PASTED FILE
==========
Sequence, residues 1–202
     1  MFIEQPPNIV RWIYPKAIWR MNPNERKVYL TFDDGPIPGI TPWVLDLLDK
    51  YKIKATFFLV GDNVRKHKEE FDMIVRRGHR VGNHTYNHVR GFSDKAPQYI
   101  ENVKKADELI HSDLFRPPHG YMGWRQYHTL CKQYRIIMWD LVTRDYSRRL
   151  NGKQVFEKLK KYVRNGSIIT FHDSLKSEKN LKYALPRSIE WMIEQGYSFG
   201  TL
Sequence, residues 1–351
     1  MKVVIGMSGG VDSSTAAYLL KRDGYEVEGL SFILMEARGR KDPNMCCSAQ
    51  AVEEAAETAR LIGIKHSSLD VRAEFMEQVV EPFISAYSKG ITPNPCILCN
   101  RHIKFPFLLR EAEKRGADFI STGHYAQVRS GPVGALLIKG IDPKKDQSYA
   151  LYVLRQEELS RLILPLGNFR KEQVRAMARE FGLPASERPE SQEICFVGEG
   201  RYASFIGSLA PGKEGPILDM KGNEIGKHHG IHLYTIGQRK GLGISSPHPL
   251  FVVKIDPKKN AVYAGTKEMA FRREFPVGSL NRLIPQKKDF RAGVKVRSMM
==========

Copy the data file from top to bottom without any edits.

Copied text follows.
Sequence, residues 1–202
     1  MFIEQPPNIV RWIYPKAIWR MNPNERKVYL TFDDGPIPGI TPWVLDLLDK
    51  YKIKATFFLV GDNVRKHKEE FDMIVRRGHR VGNHTYNHVR GFSDKAPQYI
   101  ENVKKADELI HSDLFRPPHG YMGWRQYHTL CKQYRIIMWD LVTRDYSRRL
   151  NGKQVFEKLK KYVRNGSIIT FHDSLKSEKN LKYALPRSIE WMIEQGYSFG
   201  TL
Sequence, residues 1–351
     1  MKVVIGMSGG VDSSTAAYLL KRDGYEVEGL SFILMEARGR KDPNMCCSAQ
    51  AVEEAAETAR LIGIKHSSLD VRAEFMEQVV EPFISAYSKG ITPNPCILCN
   101  RHIKFPFLLR EAEKRGADFI STGHYAQVRS GPVGALLIKG IDPKKDQSYA
   151  LYVLRQEELS RLILPLGNFR KEQVRAMARE FGLPASERPE SQEICFVGEG
   201  RYASFIGSLA PGKEGPILDM KGNEIGKHHG IHLYTIGQRK GLGISSPHPL
   251  FVVKIDPKKN AVYAGTKEMA FRREFPVGSL NRLIPQKKDF RAGVKVRSMM